Posted on: May 31, 2022, 09:45h.
Last updated on: May 31, 2022, 10:40h.
Belgium’s gaming industry took a hit in the country’s most recent fiscal year. Based on the input from a gaming operator group, perhaps it’s because there is a significant percentage of people using illegal gambling sites.
The Belgian flag outside Brussels Royal Palace. The country’s gaming industry slipped last year due to COVID-19. (Image: Reuters)
Because of the COVID-19 pandemic, restrictions on land-based gaming venues in Belgium caused a 17.8% drop in gross gaming revenue (GGR). Kansspelcommissie, the Belgian Gaming Commission, reports that the total revenue for the industry in the 2020-21 fiscal year was €969.1 million (US$1.04 billion). That is a considerable decrease from the €1.18 billion (US$$1.266 billion) recorded in the previous year.
Online gambling was responsible for €595.6 million (US$639.25 million) of the total. That was a 27.9% year-on-year increase and is the first time online gambling revenue was greater than its land-based counterpart. The split was 61.5% online gambling and 38.5% retail.
Online Gambling Sees Big Jump
Revenue from the online casino segment accounted for 46.6% of the total online revenue. Online slot machines generated €156.8 million (US$168.26 million) in revenue, an increase of 26.3% year-on-year. Sports betting revenue rose 27.1% to €161.2 million (US$173 million).
The decline in retail sales can be attributed to land-based gambling venues like casinos, arcades and betting shops halting operations. This was done by the Belgian government to stop the spread of COVID-19 at the peak of the pandemic.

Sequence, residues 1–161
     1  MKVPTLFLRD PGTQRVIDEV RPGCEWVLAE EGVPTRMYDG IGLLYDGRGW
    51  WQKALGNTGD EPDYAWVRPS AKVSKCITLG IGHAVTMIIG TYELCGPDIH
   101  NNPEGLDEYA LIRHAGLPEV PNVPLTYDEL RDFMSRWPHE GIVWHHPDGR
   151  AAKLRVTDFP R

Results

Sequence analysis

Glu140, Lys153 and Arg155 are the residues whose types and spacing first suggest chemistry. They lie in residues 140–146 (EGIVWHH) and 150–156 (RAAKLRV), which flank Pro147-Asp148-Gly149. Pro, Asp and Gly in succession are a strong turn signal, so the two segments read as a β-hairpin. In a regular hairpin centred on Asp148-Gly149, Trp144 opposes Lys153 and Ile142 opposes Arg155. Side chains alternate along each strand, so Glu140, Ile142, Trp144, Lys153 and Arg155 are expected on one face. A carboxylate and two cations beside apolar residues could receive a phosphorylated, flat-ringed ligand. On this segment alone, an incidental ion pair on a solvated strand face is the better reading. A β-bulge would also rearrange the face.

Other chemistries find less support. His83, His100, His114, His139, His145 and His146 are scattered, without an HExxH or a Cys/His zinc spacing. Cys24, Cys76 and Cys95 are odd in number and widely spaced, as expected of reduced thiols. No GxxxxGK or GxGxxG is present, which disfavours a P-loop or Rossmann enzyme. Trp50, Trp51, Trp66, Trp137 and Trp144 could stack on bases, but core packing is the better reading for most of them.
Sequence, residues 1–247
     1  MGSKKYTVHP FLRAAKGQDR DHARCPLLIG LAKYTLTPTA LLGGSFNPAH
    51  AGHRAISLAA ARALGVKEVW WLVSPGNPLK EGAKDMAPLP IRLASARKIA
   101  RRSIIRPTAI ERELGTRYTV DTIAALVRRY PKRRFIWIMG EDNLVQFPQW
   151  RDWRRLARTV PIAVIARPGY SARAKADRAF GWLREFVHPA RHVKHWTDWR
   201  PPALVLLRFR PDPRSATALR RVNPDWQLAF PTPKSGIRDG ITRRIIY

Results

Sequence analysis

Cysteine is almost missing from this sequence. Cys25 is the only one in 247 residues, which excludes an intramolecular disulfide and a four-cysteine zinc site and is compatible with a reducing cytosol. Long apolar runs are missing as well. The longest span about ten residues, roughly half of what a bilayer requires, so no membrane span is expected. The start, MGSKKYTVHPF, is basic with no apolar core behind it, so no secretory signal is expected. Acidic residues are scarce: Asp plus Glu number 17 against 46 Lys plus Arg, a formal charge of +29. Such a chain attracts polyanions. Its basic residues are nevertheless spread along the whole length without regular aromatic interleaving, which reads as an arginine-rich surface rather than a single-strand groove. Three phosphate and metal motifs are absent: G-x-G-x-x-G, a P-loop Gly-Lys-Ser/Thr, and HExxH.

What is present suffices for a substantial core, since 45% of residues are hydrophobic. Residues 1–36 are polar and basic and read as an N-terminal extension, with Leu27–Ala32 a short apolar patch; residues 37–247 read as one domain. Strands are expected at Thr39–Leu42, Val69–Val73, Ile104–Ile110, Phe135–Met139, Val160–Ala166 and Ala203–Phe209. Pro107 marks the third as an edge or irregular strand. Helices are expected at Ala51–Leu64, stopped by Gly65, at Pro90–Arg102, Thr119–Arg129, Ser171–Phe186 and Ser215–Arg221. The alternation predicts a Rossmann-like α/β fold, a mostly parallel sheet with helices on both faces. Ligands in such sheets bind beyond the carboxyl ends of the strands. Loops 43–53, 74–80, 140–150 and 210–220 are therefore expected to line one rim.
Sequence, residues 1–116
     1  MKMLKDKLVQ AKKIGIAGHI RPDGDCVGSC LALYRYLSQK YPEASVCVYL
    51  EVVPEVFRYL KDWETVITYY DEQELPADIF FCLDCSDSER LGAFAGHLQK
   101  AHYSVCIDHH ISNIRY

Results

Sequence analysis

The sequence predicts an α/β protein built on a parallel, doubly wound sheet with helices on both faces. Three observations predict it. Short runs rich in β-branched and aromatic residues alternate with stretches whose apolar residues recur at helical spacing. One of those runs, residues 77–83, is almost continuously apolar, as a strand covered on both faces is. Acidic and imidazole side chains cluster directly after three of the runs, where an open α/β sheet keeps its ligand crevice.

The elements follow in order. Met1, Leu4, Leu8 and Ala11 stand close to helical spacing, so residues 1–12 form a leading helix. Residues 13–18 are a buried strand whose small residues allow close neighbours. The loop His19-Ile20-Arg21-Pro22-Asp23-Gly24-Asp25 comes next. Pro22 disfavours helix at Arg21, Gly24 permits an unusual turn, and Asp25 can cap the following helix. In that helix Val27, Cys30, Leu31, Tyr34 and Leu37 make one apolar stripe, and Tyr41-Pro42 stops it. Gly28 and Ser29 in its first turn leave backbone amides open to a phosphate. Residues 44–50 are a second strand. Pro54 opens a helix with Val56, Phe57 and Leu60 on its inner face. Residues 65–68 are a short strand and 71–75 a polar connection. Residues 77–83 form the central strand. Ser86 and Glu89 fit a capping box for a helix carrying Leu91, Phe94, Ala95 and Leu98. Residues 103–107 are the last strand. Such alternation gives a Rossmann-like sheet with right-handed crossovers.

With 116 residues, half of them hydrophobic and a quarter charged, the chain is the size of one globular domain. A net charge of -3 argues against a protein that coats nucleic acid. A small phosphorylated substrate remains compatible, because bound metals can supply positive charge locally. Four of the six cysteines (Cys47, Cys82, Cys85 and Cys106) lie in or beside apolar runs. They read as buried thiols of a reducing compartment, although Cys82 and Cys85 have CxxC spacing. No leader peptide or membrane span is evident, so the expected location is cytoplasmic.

The top source of revenue was land-based sports betting, which generated €123.6 million (US$132.64 million) for the retail segment. Arcades and cafés added a combined €194.8 million (US$208.94 million), while casino revenue reached €54.9 million (US$58.88 million). The latter was a 14.7% year-on-year improvement.
Kansspelcommissie also noted that 576,493 people gambled online at most once per week in the year. This was a considerable jump from the 502,738 in the prior period. The average number of players registered on licensed sites has increased to 136,888 from 113,302 in the previous year.
A total of 162,985 new online gamblers signed up during the year. Retail visitors, however, fell from 11,167 to 10,684, a logical conclusion resulting from the COVID-19 restrictions. Still, in the year before the pandemic, the figure was 15,710.
The regulator claimed that it added 122 illegal operators to its blacklist. Another 60 volunteered to block access from Belgian players.
Belgium Missing Out on Additional Revenue
The additions to the blacklist would account for some of the increase in the number of new registrations. However, Belgium might be missing out on potentially more revenue.
The Belgian Association for Gaming Operators (BAGO) wants the country to do a better job at policing the i%nternet for illegal websites that access Belgian consumers. It points out that even Kansspelcommissie acknowledges that one in five consumers plays on an illegal website.
In addition, one in three online advertisements Belgian consumers see is from illegal platforms. The issues stem, according to BAGO, from the country not doing enough to provide safeguards to keep those platforms out.
Belgium is considering a complete ban on gambling advertising. However, BAGO feels that this might be counterproductive, as it won’t provide consumers with a mechanism that allows them to distinguish between licensed and unlicensed platforms.
In addition, it’s probably overkill. Belgium health officials, as BAGO President Tom De Clercq reiterated, have stated that “0.2% to 0.9% of the population” might succumb to gambling addiction. Given that achieving 0.0% is an impossible pipe dream, and “the prevalence of problematic alcohol use” is 5.9% in the country, it would seem the gambling industry is doing a good job of monitoring itself.